Cryptography, University of California, Berkeley
His mile-long rap sheet began when he was 21. September 1995: Cracks Netscape security system, gaining access to credit card numbers and bank accounts. March 1997: Finds a way to steal personal digital cellphone codes and charge calls to strangers. The list goes on. You might expect to find the perp doing time in some penitentiary. But David Wagner is a free man and a rising computer science star at the University of California, Berkeley.
Wagner, 28, who has tinkered with computers since childhood, never broke any laws, but he's broken more than a few codes in his ongoing research to identify security holes in software, particularly software that safeguards large amounts of money or information relevant to national security. "David is an amazing scientist," says Alex Aiken, a Berkeley colleague. "The thing that's unusual about him is that he's a really good pure mathematician and also an extremely good hacker. It's rare to see these qualities in one person."
The security lapses Wagner has identified are endemic, he says. "Our computer software is really crummy. There are a lot of bugs." This sorry state exists because the basis of most software code has barely changed since the dawn of the Web. Back then, the only people sharing information electronically were scientists; security wasn't an issue. Now, though, more than 900,000 commercial transactions occur daily on the Web. Most Internet businesses safeguard customers' incoming credit card numbers using an essentially foolproof means of hiding information that's based on the difficulty of factoring very large numbers. But once an order has been received, the card number is usually stored unencrypted in the company's system. And breaking into a corporate network is often as easy as guessing an employee's password, which can be something as simple as "hello."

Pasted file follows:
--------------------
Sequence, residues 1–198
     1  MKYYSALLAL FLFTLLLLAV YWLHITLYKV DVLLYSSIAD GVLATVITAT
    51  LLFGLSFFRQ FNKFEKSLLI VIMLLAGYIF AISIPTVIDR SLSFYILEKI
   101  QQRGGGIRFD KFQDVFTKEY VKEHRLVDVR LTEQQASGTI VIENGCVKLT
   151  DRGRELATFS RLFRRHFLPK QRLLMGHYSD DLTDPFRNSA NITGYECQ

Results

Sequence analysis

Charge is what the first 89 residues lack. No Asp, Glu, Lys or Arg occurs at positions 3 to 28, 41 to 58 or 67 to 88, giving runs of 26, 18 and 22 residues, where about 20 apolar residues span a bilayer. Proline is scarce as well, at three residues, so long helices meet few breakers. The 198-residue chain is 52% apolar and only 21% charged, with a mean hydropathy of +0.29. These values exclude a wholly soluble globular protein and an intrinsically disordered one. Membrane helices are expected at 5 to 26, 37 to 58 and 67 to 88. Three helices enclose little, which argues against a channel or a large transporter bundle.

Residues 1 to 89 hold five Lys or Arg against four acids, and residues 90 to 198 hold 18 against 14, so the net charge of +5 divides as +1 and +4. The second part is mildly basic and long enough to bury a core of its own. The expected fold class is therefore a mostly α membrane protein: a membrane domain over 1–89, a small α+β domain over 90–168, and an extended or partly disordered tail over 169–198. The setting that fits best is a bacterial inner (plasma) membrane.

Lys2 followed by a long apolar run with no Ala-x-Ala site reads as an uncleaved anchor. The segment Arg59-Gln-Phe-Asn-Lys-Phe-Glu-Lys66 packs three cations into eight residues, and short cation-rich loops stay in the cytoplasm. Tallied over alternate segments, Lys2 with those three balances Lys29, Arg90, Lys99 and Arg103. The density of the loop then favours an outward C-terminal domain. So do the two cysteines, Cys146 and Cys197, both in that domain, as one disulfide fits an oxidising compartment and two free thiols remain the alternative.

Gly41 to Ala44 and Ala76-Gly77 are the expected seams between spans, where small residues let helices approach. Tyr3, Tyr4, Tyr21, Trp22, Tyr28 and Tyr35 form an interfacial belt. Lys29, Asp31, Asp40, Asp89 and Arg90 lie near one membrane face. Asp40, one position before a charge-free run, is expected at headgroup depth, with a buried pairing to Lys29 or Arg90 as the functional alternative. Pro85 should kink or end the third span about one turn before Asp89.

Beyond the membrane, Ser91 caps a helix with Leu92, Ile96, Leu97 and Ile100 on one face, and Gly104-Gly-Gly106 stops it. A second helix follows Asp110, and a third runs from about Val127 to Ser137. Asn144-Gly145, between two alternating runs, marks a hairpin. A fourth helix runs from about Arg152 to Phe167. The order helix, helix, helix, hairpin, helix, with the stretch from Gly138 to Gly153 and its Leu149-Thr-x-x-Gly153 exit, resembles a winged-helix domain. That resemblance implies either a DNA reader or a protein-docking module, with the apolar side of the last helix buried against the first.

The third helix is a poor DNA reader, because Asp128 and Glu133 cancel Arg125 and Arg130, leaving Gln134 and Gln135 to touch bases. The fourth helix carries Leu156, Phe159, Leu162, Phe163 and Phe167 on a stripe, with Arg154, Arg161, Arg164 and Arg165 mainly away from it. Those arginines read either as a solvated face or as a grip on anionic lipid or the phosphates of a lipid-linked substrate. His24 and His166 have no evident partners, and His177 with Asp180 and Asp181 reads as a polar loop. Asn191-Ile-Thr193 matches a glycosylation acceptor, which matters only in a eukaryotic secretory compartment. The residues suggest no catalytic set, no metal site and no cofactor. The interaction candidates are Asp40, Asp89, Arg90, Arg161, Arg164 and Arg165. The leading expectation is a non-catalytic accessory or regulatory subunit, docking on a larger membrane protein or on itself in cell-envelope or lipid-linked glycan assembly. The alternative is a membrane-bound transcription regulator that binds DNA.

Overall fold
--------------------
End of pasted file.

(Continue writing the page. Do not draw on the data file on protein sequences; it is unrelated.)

What most worries Wagner, though, is the prospect of cyberterror. He's less afraid of purely online acts than what hacking can do to amplify a conventional terror strike: "If a bomb goes off in a building along with cellphone systems and 911 systems in the area shut down by a cyberattack, that could raise the death toll and spread even more fear." Wagner points out that a recent government study found that cyberterrorists have such capabilities. "Things are going to get worse before they get better. It might take a few disasters before people put more effort into security."
Wagner does lots of behind-the-scenes work, advising government agencies and software companies on how to make digital cellphones, wireless networks, encryption standards, and next-gen Internet protocols more secure. Despite the dire scenarios, he loves what he does. "As far as I'm concerned, it's the best job in the world, although sometimes I feel like the little Dutch boy with his finger in the hole in the dike."